The development of scientific concept on the topic of buoyant force for grade 12 students using the buoyant force experiment set
Keywords:Predict-Observe-Explain Teaching Method, Understanding of Scientific Concepts, Buoyant Force Experiment Set
This research aimed to develop a series of experiments set on buoyant force and develop students’ understanding of scientific concepts on the buoyant force for grade 12 students. Based on the Predict-Observe-Explain (POE) teaching method. The target groups were students in two schools in Khon Kaen Province; there were 22 grade 12 students in Nam Phong Suksa School and 34 grade 12 students in Khon Kaen Wittayayon II school (Saman Sumetho). This research uses a Quasi-Experimental Research model. Two categories of research tools were used in the study:
1) The instruments used in the experiment were a series of experiments on buoyant force and two POE learning management plans. The activity using the experimental series on buoyancy consisted of 6 activities.
NO.1 Experiment with three clay blocks which is the same mass but in different shapes (sphere, cube, pyramid, etc.).
NO.2 Experiment with weighing objects which is the same volume but in different masses
NO.3 Measure the buoyant force of objects of different volumes but in the same mass.
NO.4 Experiment to find the buoyant force of one object which is in three different liquids (oil, water, salt water).
NO.5 Measure the buoyant force when objects are at different depths.
NO.6 How does the amount of liquid above the sinking object affect buoyancy?
2) The instrument used to collect the data was the eight items of the Two-Tier Diagnostic test about scientific conceptions of buoyant force. Data analysis was used to average the scores before and after classes.
The students showed 5 scientific misconceptions about buoyant force. 1) Depth affects the buoyant force. 2) Amount of water under the material effects buoyant force. 3) The buoyant force is inversely proportional to the density of the liquid. 4) The volume of a sinking object does not affect the magnitude of the buoyant force. 5) Different densities of liquid did not affect the magnitude of the buoyant force.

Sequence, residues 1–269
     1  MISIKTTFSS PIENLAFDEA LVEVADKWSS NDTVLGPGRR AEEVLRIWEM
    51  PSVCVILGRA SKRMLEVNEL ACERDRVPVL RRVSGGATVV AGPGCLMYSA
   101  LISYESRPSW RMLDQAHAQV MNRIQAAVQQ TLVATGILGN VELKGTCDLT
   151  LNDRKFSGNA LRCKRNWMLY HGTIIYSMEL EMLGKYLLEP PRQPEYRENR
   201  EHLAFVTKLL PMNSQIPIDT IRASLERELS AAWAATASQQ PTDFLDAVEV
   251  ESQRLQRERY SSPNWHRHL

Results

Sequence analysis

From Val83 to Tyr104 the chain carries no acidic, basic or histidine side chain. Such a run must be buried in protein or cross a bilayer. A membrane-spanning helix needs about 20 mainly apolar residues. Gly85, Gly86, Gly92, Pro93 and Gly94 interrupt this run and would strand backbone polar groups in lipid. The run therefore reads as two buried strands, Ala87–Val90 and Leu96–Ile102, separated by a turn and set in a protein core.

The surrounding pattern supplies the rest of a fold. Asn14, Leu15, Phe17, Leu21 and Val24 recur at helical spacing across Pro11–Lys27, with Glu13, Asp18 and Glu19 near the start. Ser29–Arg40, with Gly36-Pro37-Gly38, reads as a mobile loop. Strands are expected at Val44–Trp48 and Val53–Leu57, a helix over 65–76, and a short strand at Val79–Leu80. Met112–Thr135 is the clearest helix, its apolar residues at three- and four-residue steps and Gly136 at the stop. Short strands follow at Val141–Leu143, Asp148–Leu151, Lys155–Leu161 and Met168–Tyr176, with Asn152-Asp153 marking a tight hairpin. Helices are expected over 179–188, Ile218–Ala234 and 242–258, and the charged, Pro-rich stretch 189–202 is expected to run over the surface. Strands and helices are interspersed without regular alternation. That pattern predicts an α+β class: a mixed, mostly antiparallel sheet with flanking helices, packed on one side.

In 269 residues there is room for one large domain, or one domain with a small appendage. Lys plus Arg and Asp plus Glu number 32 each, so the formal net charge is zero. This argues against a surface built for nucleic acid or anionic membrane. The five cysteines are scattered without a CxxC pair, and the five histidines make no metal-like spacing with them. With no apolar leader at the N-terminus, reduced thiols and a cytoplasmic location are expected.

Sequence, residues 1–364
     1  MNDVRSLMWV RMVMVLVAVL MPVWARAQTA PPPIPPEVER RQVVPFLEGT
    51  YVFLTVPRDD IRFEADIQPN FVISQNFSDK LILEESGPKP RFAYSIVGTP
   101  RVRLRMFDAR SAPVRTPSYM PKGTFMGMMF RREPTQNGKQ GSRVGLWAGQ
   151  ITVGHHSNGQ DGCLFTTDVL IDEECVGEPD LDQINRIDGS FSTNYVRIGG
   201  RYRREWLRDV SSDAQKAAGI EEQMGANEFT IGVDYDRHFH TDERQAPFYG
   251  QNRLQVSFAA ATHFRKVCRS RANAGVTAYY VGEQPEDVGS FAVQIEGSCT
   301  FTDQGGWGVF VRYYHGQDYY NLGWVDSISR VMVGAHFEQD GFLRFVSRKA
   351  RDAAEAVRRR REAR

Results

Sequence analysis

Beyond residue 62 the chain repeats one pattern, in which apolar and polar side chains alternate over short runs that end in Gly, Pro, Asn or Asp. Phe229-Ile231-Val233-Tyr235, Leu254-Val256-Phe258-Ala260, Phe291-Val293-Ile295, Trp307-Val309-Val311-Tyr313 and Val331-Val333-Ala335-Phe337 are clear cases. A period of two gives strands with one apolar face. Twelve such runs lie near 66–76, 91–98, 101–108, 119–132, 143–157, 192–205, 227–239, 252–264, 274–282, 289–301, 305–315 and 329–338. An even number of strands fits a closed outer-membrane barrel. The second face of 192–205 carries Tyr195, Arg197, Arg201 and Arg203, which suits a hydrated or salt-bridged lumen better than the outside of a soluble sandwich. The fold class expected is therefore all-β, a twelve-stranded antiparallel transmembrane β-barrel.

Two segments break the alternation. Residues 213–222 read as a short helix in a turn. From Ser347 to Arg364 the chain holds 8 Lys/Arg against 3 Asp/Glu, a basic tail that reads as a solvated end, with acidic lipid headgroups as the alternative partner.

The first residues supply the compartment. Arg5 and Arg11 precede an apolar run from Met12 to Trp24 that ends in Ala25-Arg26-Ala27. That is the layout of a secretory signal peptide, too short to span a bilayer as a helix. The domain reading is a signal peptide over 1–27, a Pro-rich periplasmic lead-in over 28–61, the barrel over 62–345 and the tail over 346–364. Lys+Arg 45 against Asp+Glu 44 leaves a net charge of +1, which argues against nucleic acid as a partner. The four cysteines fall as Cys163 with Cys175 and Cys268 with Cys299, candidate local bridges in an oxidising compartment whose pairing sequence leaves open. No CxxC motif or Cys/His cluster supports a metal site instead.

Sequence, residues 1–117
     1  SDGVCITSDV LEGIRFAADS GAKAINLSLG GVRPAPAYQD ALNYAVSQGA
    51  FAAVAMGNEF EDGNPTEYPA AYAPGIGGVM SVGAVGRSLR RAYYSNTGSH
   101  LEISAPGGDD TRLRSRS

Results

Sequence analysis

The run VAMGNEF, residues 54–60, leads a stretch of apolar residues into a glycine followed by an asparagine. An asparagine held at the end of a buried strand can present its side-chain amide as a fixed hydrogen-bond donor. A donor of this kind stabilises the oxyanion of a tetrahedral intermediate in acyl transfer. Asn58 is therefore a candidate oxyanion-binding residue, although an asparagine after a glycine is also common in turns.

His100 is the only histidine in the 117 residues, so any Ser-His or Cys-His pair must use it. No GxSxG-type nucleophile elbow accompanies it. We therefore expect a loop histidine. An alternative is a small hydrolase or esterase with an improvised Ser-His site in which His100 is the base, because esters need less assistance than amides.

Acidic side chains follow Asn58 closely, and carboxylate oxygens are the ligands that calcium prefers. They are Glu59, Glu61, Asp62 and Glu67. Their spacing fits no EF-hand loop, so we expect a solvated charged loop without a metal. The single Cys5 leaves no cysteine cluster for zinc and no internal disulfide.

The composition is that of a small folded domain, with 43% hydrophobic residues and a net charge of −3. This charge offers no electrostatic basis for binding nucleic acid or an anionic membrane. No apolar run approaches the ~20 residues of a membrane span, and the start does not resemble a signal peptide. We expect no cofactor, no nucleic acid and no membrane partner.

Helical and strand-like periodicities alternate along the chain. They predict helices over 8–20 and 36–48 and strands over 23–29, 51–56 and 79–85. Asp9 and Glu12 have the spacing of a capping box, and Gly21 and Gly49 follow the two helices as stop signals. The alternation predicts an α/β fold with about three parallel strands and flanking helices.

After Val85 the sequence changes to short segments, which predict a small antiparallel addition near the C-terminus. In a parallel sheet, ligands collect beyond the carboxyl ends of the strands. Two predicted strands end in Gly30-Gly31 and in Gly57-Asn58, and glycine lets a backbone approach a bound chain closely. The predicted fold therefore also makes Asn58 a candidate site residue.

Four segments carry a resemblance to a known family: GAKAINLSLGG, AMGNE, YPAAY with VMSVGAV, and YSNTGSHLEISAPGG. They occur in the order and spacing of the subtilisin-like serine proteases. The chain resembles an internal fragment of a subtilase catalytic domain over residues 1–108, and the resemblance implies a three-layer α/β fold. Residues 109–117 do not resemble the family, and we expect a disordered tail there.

The results showed that students in both schools who were taught about buoyant force by using the Buoyant Force experiment Set, were able to develop scientific concepts of buoyant force. When considering the scores for each item, we found that the most misconception of the buoyant force experiment set developed in NO.3 misconception (96.43% of the sample). The next, in order was NO.1 misconception (87.50% of the sample) and NO.2 misconception (73.21% of the sample).REFERENCES
Cartier, J. (2000). Using a modeling approach to explore scientific epistemology with high school biology students. United State of America: University of Wisconsin Madison.
Sangsupata, S. (1993). Development of a two-tiered multiple-choice test to measure misconceptions in physics among high school students in Thailand (Unpublished Ph.D. thesis). Oregon State University, Thailand.
Supasorn, S. (2015). Grade 12 Students’ Conceptual understanding and mental models of galvanic cells before and after learning by using small-scale experiments in conjunction with a model kit. Chemistry Education Research and Practice, 16, 393-407.
Tisana Khemmanee. (2011). Pedagogical science. Bangkok. Chulalongkorn University.
Wanjaree Mangsing (2012). Understanding of scientific consensus on climate of Mathayom Suksa 1 students after applying teaching strategies to change the opinion of Heeson & Hewson. KKU Journal Graduate Research, 6(2), 186-195.
Authors who publish with the Proceedings of the International Conference on Physics Education 2022 agree to the following terms:
a) Authors retain copyright and grant the journal right of first publication with the work simultaneously licensed under a Creative Commons Attribution License (https://creativecommons.org/licenses/by/4.0/) that allows others to share the work with an acknowledgement of the work's authorship and initial publication in this journal.
b) Authors are able to enter into separate, additional contractual arrangements for the non-exclusive distribution of the journal's published version of the work (e.g., post it to an institutional repository or publish it in a book), with an acknowledgement of its initial publication in this journal.
c) Authors are permitted and encouraged to post their work online (e.g., in institutional repositories or on their website) prior to and during the submission process, as it can lead to productive exchanges, as well as earlier and greater citation of published work (See The Effect of Open Access - http://opcit.eprints.org/oacitation-biblio.html).
Privacy Statement The names and email addresses entered in the Proceedings of the International Conference on Physics Education 2022 site will be used exclusively for the stated purposes of this journal and will not be made available for any other purpose or to any other party.